The Secretariat shall receive electronic copies of all communications (Article 16(2)). It will notify awards to the Parties (Article 34(5), the arbitral tribunal was in charge of that task under the pre-vious Rules). Cost deposits will be held by the Secretariat rather than by the arbitral tribunal (Appendix B, Section 4.1). In order to reflect the increased workload of the Secretariat, the revised Schedule of Costs in Appendix B provides for slightly higher administrative costs (only charged for amounts in dispute above CHF 300,000 and capped at CHF 75,000 for disputes above CHF 250 million), counterbalanced by a scale providing for slightly reduced fees for arbitrators. Overall, and despite other novelties regarding costs in Appendix B, the costs of an arbitration under the 2021 Swiss Rules are likely to be lower than under the previous Rules, which will be welcome news for users.

4. Multi-party and multi-contract arbitrations

In addition to Article 5 dealing with multi-contract disputes as described above, a significant feature of the 2021 revision is the inclusion of detailed provisions addressing multi-party situations. A very innovative provision, Article 4(2), was already part of the original Swiss Rules of 2004 and has proven successful over the years due to its flexibility. However, it focused on the arbitral tribunal's powers and deserved to be supplemented as regards the role of the institution. Art. 4(2) is now replaced by a new Article 6 on "Cross-Claim, Joinder, Intervention", which tackles those scenarios where, for instance, a respondent raises claims against another co-respondent (cross-claim) or an additional party (joinder), or where an additional party seeks to participate in the proceedings by bringing claims against an existing party (intervention).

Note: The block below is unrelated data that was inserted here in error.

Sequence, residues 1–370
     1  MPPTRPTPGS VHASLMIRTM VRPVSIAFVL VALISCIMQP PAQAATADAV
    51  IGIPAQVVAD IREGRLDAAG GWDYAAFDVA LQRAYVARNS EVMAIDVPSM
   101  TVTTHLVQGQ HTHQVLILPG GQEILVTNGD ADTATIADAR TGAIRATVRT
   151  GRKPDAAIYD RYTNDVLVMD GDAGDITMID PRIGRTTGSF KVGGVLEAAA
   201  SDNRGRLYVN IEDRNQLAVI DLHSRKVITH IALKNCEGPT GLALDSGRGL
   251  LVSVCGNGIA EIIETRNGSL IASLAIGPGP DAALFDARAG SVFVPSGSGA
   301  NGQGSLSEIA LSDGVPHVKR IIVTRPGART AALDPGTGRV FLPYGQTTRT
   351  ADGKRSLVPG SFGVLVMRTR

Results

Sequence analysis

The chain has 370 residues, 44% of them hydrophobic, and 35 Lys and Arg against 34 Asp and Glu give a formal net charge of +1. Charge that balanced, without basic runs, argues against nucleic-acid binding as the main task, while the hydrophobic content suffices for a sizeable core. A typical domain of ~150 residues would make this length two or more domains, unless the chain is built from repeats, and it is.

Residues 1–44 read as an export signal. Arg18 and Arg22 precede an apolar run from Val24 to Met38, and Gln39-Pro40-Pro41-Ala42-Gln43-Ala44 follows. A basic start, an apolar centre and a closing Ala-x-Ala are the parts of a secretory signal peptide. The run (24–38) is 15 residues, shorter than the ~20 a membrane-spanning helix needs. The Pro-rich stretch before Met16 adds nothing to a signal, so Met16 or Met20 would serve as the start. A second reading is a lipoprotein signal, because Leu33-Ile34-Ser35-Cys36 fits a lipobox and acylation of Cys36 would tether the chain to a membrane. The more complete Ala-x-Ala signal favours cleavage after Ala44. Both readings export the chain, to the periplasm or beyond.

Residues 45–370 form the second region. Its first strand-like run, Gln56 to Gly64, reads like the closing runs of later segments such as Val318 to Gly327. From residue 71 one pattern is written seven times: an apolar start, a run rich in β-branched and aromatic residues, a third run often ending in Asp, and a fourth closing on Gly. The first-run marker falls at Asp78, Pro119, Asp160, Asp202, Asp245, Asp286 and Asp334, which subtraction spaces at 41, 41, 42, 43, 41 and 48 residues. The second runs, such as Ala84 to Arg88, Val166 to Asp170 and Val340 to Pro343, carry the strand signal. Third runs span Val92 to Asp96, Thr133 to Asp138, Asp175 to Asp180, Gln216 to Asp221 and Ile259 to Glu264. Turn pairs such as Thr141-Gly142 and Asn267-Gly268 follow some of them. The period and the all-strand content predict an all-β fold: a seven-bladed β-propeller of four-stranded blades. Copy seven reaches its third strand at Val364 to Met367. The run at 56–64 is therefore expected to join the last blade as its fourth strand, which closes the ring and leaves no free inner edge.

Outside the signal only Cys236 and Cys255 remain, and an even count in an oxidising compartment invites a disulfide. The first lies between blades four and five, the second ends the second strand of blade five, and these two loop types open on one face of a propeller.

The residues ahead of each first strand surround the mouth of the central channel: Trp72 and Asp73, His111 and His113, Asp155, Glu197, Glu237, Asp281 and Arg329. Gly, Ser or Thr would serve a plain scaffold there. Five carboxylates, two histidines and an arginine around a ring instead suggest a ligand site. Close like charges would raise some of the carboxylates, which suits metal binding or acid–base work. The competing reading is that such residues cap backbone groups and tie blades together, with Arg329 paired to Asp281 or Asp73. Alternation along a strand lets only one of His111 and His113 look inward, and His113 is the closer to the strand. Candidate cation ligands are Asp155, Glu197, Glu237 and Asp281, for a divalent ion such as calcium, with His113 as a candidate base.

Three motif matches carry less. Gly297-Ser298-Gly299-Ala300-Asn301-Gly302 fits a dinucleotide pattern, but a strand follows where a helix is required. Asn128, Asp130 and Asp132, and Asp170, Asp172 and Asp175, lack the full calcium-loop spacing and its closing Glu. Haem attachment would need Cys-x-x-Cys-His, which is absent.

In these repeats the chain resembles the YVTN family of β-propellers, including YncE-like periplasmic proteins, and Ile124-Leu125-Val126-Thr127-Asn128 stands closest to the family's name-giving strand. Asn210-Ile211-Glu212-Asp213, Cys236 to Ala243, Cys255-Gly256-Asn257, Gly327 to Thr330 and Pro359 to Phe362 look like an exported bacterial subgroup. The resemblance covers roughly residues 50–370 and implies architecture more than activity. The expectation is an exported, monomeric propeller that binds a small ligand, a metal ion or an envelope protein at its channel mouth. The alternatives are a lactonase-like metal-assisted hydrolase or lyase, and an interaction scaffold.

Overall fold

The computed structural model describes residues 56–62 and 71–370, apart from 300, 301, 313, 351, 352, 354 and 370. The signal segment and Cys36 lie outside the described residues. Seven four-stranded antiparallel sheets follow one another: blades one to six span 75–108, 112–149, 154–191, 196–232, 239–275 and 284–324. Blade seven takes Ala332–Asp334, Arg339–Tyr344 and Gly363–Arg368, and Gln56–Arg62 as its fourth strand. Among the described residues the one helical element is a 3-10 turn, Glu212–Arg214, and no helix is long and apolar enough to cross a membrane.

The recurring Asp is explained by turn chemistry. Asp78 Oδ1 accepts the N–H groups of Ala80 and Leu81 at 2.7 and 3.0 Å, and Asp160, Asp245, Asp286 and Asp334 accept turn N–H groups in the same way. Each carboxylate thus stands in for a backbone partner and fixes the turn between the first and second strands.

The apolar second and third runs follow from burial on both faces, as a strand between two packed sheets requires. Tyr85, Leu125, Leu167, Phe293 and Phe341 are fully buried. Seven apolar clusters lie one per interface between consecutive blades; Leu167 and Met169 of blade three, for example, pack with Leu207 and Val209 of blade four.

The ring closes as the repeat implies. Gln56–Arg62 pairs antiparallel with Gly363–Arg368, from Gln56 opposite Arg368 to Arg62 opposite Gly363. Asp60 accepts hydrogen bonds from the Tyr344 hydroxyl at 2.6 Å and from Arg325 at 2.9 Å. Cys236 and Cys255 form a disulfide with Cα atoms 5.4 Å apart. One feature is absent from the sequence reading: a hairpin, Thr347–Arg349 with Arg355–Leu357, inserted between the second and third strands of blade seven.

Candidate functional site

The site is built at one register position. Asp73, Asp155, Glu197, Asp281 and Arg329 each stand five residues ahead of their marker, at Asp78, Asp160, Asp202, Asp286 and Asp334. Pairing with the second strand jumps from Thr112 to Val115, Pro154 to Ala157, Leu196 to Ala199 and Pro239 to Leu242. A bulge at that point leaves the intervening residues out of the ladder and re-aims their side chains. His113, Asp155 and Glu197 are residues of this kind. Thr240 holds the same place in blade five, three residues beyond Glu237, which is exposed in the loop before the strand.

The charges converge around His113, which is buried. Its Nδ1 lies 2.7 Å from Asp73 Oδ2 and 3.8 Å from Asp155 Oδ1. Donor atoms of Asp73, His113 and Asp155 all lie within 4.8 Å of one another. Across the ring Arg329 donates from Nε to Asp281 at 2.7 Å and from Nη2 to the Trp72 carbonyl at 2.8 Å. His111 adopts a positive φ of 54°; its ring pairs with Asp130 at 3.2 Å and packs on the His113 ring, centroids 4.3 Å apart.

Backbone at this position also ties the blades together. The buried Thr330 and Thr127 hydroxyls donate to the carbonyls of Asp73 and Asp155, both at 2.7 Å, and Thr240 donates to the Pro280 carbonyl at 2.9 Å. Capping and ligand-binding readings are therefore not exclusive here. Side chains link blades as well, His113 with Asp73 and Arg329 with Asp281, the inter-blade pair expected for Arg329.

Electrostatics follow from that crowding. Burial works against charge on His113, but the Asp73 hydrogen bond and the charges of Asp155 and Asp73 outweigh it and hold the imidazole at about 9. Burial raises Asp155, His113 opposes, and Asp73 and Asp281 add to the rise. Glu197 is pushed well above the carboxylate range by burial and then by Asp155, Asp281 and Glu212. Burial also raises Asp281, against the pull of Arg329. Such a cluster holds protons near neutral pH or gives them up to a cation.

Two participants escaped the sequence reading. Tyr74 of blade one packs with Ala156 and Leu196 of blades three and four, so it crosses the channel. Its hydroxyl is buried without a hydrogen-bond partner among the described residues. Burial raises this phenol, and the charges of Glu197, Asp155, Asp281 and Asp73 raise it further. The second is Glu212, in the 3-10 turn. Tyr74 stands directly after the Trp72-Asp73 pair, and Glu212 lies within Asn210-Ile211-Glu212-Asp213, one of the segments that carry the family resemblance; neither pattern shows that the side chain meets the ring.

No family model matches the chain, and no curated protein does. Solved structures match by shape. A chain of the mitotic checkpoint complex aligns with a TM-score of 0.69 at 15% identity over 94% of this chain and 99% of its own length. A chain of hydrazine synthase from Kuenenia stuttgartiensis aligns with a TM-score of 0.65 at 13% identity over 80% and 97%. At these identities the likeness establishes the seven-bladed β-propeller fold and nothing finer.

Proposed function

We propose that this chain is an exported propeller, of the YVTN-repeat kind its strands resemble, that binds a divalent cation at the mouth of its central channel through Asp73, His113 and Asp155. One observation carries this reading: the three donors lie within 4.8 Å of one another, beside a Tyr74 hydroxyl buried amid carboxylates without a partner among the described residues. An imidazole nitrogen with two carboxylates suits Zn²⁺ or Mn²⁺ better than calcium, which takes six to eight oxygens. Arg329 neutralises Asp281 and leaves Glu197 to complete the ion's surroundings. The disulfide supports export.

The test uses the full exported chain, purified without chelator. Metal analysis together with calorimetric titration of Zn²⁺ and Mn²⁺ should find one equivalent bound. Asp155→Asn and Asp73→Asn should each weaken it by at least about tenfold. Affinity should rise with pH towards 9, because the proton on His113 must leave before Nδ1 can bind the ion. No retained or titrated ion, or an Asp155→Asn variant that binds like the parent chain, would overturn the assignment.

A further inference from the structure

Article 6(1) requires the submission of a separate notice of claim against the targeted party, with Article 3 on the submission of a Notice of Arbitration applying mutatis mutandis. Before the constitution of the arbitral tribunal such notice of claim is to be submitted to the Secre-tariat (Article 6(2)), which will then proceed to a prima facie review in accordance with Article 5 (as described above) if the party sought to be joined raises an objection (within 15 days). The arbitral tribunal remains in charge of deciding on the admissibility of a request submitted after its constitution (Article 6(3)). Article 6(4) further contemplates the possibility for a third person to participate in the proceedings "in a capacity other than an additional party", allowing tri-bunals to "decide on whether to permit such participation and on its modalities". The pro-vision is meant to provide for additional flexi-bility, in particular where a third person seeks to intervene in favour of one of the parties (Neben-intervention, intervention accessoire) or one of the parties seeks to extend the effects of an arbitral award to a third person (Streitverkündung, dénonciation d'instance).

This regime in Article 6 is intended to ease the organisation of the proceedings and the constitution of the arbitral tribunal at the outset of the case. It does not entail any consequences for jurisdiction, which remains a matter for the arbitral tribunal to decide.

The new Article 7 on consolidation replaces the former Article 4(1) of the 2012 version, without any substantive changes. Decisions on the consolidation of proceedings are still exclusively taken by the Court.

5. Suitable responses to technological and other current developments

A number of amendments reflect technological developments and modern trends. In particular, the filing of hard copies is no longer required if a claimant is content for the respondent to be notified by e-mail (Article 3(1)), and this oppor-tunity for paperless filing is also available to the respondent mutatis mutandis (Article 4(1)). Article 27(2) allows for hearings to be held "remotely by videoconference or other appro-priate means" as decided by the arbitral tribunal after consulting with the parties. This should offer full flexibility to choose what is most appropriate between an in-person hearing and a remote hearing (when a hearing is required) in the circumstances of each case. Issues of data protection and cybersecurity must be addressed when discussing the rules of procedure, "to the extent needed to ensure an appropriate level of compliance and security" (Article 19(2)).